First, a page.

First, on palaeographical grounds, it seems to me that the notebook and the copy of Dido are definably by the same person. Yes, they are written in different scripts but that is unsurprising from someone of Gager’s education – and, indeed, we can see him moving between scripts in another context: in the archives of Christ Church, the annual disbursement books include the signatures of those receiving payment and Gager appears there frequently. For the year 1577-78, his signature oscillates between a humanist-influenced and a secretary scripts. What is more, even without that evidence, there are enough similarities of letter-forms, particularly on the capital letters, but also on forms like the short final s, to be certain that the scribe of both manuscripts was the same, in the notebook writing at greater speed, in the Dido with more concern for presentability. There are, I am afraid, no images of the BL manuscript available on-line, but here is a picture, provided by Christ Church’s ever-helpful Assistant Librarian, Cristina Neagu, of the opening of MS. 486:
You will also notice from this image one codicological feature – the handwriting is even but on an unruled page, with the only ruling being the single bounding line on each side, forming a rectangle in which the text-block sits. What a photograph like this cannot reveal is that there is also a distinctive watermark in the paper. It is not fully legible and does not appear in the standard compilations of watermark sbut its central motif is a pair of weights, with a flower above and a horizontal scroll below, apparently reading ‘LAMAIN’.
Watermarks, even when we can be sure of their place and date of production, can only give us a terminus ante quem non for their use, but what, it occurred to me, this watermark might do is prove the manuscript’s proximity to Christ Church if we could show that other volumes produced there used the same paperstock. It was with that in mind that I checked the Disbursement Books where Gager’s signature appears, but they are on paper (as they record, supplied by the Oxford stationer and binder, Richard Garbrand) which regularly have a water-jug or ‘pot’ watermark. There is, however, another manuscript which is of identical paperstock to MS. 486 – and that is Gager’s notebook. Furthermore, that notebook, which includes parts of the Dido and, a few pages later, has notes dated to September 1583, has the same pattern of ruling as MS. 486. In other words, Gager had a sheaf of paper from the same stock and prepared in the same manner, some of which he used in the eventful year of 1583 for his own drafts and some for the ‘fair copy’ of his tragedy. Not only does this confirm the identification of him as the scribe of both, but it makes it highly likely that MS. 486 was, indeed, written in Christ Church around the time that the stately tragedy was being performed on a temporary stage erected in the Hall.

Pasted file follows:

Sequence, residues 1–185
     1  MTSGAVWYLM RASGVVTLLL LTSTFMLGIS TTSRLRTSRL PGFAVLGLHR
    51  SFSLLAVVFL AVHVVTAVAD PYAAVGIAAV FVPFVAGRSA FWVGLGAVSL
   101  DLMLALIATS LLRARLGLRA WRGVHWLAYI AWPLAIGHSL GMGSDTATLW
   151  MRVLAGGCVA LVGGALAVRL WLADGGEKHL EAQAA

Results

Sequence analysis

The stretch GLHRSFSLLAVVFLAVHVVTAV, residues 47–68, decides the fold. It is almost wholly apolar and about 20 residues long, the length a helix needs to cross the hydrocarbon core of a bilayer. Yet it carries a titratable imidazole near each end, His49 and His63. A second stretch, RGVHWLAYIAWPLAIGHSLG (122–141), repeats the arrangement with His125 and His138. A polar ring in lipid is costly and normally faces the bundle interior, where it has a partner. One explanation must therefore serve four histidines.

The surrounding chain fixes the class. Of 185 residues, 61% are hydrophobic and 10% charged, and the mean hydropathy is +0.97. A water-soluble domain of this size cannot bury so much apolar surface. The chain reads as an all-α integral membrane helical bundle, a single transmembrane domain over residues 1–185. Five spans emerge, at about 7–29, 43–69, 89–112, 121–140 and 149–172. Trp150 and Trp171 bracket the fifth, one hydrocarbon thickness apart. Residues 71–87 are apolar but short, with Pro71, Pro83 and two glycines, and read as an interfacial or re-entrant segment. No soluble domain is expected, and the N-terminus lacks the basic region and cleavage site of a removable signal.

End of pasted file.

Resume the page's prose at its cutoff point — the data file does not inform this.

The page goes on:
I should emphasise the limits of our evidence: the codicological details do not absolutely demonstrate a precise date of use of the paper for MS. 486; all they can do is provide suggestive evidence. I will also admit a slight scepticism about Boas’s suggestion that the copy was made for one of the guests at the performance: if it were, it was notably understated, without any attempt at coloured decoration; and, if it were, it has survived remarkably well, with no marks of ownership or damage from use. It is perhaps more likely that it was kept safe – perhaps by the author himself.
The lesson, in conclusion, that I would like to draw is not a new one and should be familiar to any scholar of manuscripts and their contents: if we are to eke out of what sits before us all possible information, we have to take account of every detail, however insignificant it may at first appear. As I have said before, the law may not care de minimis, but we must do.